The Exception (Undtagelsen): Visually Stylish, Narratively Messy (Review)
The Exception (Undtagelsen) suffers from a languorous pace and its over-reliance on metaphor leaves it feeling a bit muddled.
One would expect a psychological thriller to be expertly plotted, sharp and tight and constantly prepared with a twist to shake up audience expectations. Unfortunately, Jesper W. Nielsen’s adaptation of Christian Jungersen’s best-selling novel is frustratingly slow and unnecessarily muddled, meaning audience anticipation is replaced with a longing for clarity.
Four women – Iben (Danica Curcic), Marlene (Amanda Collin), Anne-Lise (Sidse Babett Knudsen) and Camilla (Lene Maria Christensen) – work at an NGO [non-Government organisation] that specialises in global war crimes and genocide. When two of them start receiving death threats, their complicated relationships with each other start to unravel from suspicion, paranoia and trauma.
Nielsen’s film – and, presumably, Jungersen’s original novel – uses the trappings of a psychological thriller to explore the concept of evil. With repeated voiceover interludes in which Iben (Curcic) reads from her work on the psychology of evil over images from historical atrocities, the complex nature of psyches and human nature is consistently in question. Every main character has a personal trauma, a secret shame, that feeds into the already existing tension, and the film posits the question of whether someone can truly bury a malevolent nature enough to appear ‘normal’ throughout a regular daily routine, leading to a moment of suspicion for all of them to be masterminding the threatening emails.
In theory, this layering of motivations, unreliability of each character’s emotional stability and use of such an intriguing metaphor makes for gripping storytelling. In reality, however, it becomes unnecessarily complicated and the subsequent sequence of events taking place soon borders on ridiculousness. The complexities of each character are kept frustratingly underdeveloped and as such they remain not particularly compelling even as the plot thickens. The cast are all superb in the roles they are given – particularly Curcic, whose trauma and PTSD lead to an emotional breakdown that is well visualised, and Knudsen, whose workplace unhappiness bleeds into all aspects of her home life, – but the thinness of personalities are disappointing when it’s the nature of the characters themselves that Nielsen strives to highlight. The film tries to do too-much plot wise, and so the intricacies of each woman’s personal emotional arc are lost.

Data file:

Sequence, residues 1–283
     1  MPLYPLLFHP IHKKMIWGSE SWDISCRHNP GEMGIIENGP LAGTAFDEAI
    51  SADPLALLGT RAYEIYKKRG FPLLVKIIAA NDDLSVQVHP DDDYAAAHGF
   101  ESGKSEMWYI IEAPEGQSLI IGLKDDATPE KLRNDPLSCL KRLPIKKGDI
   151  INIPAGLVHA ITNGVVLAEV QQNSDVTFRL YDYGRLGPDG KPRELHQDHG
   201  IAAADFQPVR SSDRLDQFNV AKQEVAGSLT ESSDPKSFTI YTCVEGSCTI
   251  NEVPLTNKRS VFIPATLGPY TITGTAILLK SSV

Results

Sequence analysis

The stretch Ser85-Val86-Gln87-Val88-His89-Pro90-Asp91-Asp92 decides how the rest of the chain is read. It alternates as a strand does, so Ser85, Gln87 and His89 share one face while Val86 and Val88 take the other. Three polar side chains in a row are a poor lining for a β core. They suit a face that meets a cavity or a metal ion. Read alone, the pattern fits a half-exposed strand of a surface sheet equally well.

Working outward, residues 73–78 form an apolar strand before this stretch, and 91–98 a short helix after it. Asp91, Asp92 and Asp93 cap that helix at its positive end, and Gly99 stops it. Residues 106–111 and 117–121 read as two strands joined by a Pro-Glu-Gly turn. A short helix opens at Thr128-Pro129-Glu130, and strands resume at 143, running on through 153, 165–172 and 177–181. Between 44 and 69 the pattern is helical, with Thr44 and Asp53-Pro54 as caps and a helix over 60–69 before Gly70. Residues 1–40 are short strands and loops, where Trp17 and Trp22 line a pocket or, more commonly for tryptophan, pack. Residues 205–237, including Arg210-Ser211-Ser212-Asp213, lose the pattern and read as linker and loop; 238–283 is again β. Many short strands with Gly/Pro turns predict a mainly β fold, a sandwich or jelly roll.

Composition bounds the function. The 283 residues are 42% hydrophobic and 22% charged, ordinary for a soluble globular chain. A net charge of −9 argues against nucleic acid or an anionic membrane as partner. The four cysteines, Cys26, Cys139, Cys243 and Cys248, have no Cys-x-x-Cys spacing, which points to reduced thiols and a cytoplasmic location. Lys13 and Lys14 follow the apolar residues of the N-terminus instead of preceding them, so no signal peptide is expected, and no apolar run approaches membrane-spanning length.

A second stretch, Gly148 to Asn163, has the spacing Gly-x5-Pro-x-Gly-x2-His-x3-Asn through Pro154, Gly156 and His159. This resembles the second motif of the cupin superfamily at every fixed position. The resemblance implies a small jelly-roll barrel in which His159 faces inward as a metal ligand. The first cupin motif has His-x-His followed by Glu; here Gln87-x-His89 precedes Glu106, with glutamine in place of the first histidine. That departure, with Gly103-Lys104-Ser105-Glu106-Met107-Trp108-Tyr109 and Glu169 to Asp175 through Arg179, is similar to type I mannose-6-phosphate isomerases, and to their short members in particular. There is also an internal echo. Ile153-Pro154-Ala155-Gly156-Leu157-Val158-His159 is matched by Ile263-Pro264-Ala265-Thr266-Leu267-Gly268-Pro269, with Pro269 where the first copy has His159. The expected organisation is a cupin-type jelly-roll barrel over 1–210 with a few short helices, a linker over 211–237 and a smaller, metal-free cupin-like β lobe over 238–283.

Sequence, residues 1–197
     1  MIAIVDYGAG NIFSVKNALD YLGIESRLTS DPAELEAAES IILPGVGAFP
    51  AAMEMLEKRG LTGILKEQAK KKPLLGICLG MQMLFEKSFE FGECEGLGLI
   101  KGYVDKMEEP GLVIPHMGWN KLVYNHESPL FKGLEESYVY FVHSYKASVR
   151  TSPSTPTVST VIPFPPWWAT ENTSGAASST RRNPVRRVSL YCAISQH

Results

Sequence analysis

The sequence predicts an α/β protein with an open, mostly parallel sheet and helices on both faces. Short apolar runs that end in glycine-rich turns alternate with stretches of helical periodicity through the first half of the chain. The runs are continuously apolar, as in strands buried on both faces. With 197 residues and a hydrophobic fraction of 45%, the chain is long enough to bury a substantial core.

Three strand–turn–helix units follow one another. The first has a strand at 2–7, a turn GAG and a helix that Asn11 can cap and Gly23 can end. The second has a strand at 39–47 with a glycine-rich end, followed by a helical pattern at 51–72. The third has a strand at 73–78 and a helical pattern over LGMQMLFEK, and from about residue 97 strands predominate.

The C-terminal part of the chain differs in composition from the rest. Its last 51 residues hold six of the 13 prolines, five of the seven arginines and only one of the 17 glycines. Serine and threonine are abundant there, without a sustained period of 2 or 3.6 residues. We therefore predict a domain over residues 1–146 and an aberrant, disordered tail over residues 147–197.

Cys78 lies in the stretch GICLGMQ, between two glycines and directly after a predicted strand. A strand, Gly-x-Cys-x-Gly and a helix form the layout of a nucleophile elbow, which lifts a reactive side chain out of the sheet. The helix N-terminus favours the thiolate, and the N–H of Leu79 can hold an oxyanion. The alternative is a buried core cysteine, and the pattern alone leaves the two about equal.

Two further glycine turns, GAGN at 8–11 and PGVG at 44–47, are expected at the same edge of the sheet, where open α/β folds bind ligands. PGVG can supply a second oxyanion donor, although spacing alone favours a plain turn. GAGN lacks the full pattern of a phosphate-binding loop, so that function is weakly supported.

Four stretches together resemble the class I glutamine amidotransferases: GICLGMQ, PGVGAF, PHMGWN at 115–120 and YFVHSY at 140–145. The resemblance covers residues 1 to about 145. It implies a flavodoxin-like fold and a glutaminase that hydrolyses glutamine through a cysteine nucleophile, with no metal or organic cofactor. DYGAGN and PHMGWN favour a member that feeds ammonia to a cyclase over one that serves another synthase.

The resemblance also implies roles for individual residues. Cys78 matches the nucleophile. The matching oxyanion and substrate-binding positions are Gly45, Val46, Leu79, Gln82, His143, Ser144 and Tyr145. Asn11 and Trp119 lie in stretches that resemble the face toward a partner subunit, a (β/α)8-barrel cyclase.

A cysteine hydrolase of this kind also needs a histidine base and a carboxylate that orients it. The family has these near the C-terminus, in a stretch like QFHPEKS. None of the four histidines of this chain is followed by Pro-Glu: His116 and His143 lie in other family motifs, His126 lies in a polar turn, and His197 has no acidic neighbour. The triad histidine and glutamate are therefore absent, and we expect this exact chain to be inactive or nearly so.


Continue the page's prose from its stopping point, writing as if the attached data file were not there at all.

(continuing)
With a colour palette typical of similar Nordic dramas and an unobtrusive score, the film is stylistically a success. It doesn’t feel oppressive, nor over accentuate it’s themes with dark visuals, and instead creates tension with dialogue and character actions that steer clear of being cliché or stereotypically ‘thriller-esque’. It’s purely the dissatisfying structure and overabundance of plot strands being weaved together that let the film down. The dramatic climax is undercut with yet more questions that are never satisfactorily answered, and the desired message of how the psychology of evil is an ever-shifting, complex mine field gets lost in the frustration and confusion when the credits do being to roll.
A good concept, central theoretical idea and terrific performances mean it is such a shame that The Exception doesn’t quite fulfil its potential, and instead ties itself up in too many knots and frustrates, rather than intrigues, its audience.
The Exception will be released across all major UK Digital Platforms on 22nd January, including iTunes, AppleTV, Sky Store, Google Play, Amazon, Virgin, Curzon Home Cinema & Chili (& BT on rental only from 1st Feb).
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